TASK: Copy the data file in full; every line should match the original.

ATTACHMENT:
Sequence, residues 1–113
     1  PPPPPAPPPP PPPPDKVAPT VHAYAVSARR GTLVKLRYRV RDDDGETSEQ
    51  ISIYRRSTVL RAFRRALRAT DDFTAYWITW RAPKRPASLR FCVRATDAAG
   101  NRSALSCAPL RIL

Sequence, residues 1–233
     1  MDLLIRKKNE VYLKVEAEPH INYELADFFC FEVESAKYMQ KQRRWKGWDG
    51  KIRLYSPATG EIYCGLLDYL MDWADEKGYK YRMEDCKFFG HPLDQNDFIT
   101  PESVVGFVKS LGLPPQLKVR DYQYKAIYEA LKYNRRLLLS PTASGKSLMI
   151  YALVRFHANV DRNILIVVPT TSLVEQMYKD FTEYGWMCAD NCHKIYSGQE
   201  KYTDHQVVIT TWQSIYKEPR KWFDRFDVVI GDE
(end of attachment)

Sequence, residues 1–113
     1  PPPPPAPPPP PPPPDKVAPT VHAYAVSARR GTLVKLRYRV RDDDGETSEQ
    51  ISIYRRSTVL RAFRRALRAT DDFTAYWITW RAPKRPASLR FCVRATDAAG
   101  NRSALSCAPL RIL

Sequence, residues 1–233
     1  MDLLIRKKNE VYLKVEAEPH INYELADFFC FEVESAKYMQ KQRRWKGWDG
    51  KIRLYSPATG EIYCGLLDYL MDWADEKGYK YRMEDCKFFG HPLDQNDFIT
   101  PESVVGFVKS LGLPPQLKVR DYQYKAIYEA LKYNRRLLLS PTASGKSLMI
   151  YALVRFHANV DRNILIVVPT TSLVEQMYKD FTEYGWMCAD NCHKIYSGQE
   201  KYTDHQVVIT TWQSIYKEPR KWFDRFDVVI GDE